Someone sent me this blog post by the conductor Kenneth Woods about the inhumanity of the orchestra audition system. Written in response to Jennie Dorris’ now-viral article “The Audition,” it sets out a thoughtful and compassionate alternative to the current, rather brutal way of doing things.
Reading Woods’ opinions reminded me of why I’ve never been much interested in the audition circuit. I never really wanted to have an orchestral job, mostly because my passions are for smaller-scale musical forms: string quartets, the cello-piano repertoire, Bach’s solo suites, and, these days, piano trios. The other reason is that I’ve seen what friends on the circuit go through. Countless times, they willingly spend money and time they don’t have going to audition after audition, dropping upwards of $1,000 on travel expenses (more, if you play an instrument that needs its own seat on the plane) for the chance to win one of those elusive, coveted jobs in a full-time professional orchestra. I’ve seen first-hand the immense preparation that goes into the audition, and the crushing disappointment of losing. The number of people I know with doctorates and no jobs far exceeds the number I know who do have jobs.
And yet, I wonder if issues like the number of excerpts in an audition are really the main problem. (Well, of course excerpt requirements are a problem. I’ve done a couple of auditions myself, and always resented having to prepare as many as 20-30 excerpts–particularly things like that idiotic Bartered Bride overture by Bedřich Smetana, a piece that isn’t actually played that often.) The biggest problem, as I see it, is that there are far, far more qualified applicants for the existing number of music jobs, and as a cello professor, I’m part of that problem.
It’s recruitment season right now, and I’ve spent the past week going into high schools around the Northwest to talk to the students about careers in music. I typically play a bit of Bach for the students, answer their questions (first up is always “Where are you from?”), then join them in the cello section for the remainder of their rehearsal time. I always have a blast doing this, and really enjoy the company of bright, geeked-out kids. But looking at their shining eyes always gives me a pang of conscience too. Is it, I wonder, immoral to encourage intelligent, capable young people to spend a grotesque amount of money training for a profession where there are few openings, and thousands of intensely competitive applicants? Are music schools nothing better than degree factories, peddling dreams of success, but delivering only disappointed hopes?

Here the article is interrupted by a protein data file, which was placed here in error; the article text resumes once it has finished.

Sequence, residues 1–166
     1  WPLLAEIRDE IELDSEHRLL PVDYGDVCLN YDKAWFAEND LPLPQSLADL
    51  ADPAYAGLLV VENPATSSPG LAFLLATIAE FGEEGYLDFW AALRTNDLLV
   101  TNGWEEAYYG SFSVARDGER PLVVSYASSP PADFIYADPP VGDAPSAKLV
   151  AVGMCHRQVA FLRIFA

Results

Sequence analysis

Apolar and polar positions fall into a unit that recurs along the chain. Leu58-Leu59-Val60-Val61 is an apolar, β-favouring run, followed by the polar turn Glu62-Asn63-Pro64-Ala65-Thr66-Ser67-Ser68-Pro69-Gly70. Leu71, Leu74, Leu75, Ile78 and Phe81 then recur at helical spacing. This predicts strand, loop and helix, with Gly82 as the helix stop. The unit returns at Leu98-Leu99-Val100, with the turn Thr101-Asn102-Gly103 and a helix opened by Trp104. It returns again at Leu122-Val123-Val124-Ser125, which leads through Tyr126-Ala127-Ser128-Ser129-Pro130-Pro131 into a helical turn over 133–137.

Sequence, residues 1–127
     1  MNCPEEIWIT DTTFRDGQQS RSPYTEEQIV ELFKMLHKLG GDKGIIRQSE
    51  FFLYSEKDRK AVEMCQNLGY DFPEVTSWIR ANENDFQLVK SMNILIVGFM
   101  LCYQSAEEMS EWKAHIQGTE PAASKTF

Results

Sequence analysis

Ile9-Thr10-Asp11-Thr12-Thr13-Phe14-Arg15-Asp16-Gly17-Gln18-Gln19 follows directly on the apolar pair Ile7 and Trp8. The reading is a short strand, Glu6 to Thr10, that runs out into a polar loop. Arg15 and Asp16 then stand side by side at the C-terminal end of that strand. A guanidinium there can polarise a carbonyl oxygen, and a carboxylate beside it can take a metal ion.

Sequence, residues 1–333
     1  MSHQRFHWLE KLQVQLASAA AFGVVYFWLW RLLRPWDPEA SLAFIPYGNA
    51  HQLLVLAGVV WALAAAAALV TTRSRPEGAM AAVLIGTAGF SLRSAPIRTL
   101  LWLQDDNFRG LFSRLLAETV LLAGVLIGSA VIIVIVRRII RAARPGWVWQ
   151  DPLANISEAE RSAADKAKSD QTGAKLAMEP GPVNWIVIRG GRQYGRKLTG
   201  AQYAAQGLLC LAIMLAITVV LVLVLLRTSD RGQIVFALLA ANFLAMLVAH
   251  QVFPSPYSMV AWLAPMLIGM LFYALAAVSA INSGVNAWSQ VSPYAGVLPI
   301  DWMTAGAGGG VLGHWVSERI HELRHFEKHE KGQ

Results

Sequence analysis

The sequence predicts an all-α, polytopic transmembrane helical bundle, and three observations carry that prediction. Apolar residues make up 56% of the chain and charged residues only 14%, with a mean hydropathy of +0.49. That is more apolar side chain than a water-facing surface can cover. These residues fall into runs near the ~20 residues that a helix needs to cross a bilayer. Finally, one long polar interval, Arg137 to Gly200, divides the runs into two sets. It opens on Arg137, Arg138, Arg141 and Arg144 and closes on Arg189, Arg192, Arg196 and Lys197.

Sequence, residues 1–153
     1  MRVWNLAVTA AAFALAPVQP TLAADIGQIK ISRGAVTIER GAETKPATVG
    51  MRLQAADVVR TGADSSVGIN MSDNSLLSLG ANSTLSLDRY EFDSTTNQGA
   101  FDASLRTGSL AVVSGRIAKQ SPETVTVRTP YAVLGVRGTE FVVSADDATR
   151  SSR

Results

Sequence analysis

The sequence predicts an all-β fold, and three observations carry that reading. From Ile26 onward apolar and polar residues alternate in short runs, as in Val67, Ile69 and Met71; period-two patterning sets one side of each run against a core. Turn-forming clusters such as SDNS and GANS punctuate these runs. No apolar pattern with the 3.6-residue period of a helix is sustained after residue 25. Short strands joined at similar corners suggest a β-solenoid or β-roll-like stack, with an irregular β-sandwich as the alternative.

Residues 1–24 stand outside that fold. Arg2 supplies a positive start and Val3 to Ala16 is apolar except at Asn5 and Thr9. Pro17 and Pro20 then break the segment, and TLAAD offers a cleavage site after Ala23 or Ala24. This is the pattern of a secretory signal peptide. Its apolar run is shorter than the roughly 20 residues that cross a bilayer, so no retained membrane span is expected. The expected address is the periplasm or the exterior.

And yet, my own employment depends in part on my ability to recruit new music students, so I keep playing my role in the system. I tell myself–we all tell ourselves, I think–that my profession enables willing, music-loving young people to get better at music. Even if they don’t make it in the profession, we will have taught them discipline and a work ethic that will benefit them in any career. Plenty of people don’t end up in careers directly related to their college major–just ask someone with a bachelor’s degree in philosophy. These music graduates will love music all their lives, will be patrons of the arts, will attend the concerts of the lucky few who did make it, will make sure their children study music–in short, they will help keep the system going. Possibly with a six-figure debt that will take a lifetime to pay off.
Should we make “The Audition” required reading for anyone contemplating studying music at university? Part of me thinks it’s the only moral course of action. Part of me is too afraid that they’d be scared away. If any such cautionary tale existed when I was a teenager in the late 1990s, I didn’t know about it. I’m not sure if I’d have chosen a different career path, or if I’d have arrogantly assumed that I would be one of the lucky few who made it. When I’m in recruitment mode, I point out the ways in which our program prepares students to “hit the ground running” once they’re out in the profession. I train string teachers in my Preparatory Division; if the dreams of stardom don’t end up happening, at least they can earn their bread and butter with a private teaching studio, or in a school orchestra classroom, if their degree is in Music Education. Otherwise known as… the feeding device for collegiate music programs. The circularity seems ironic.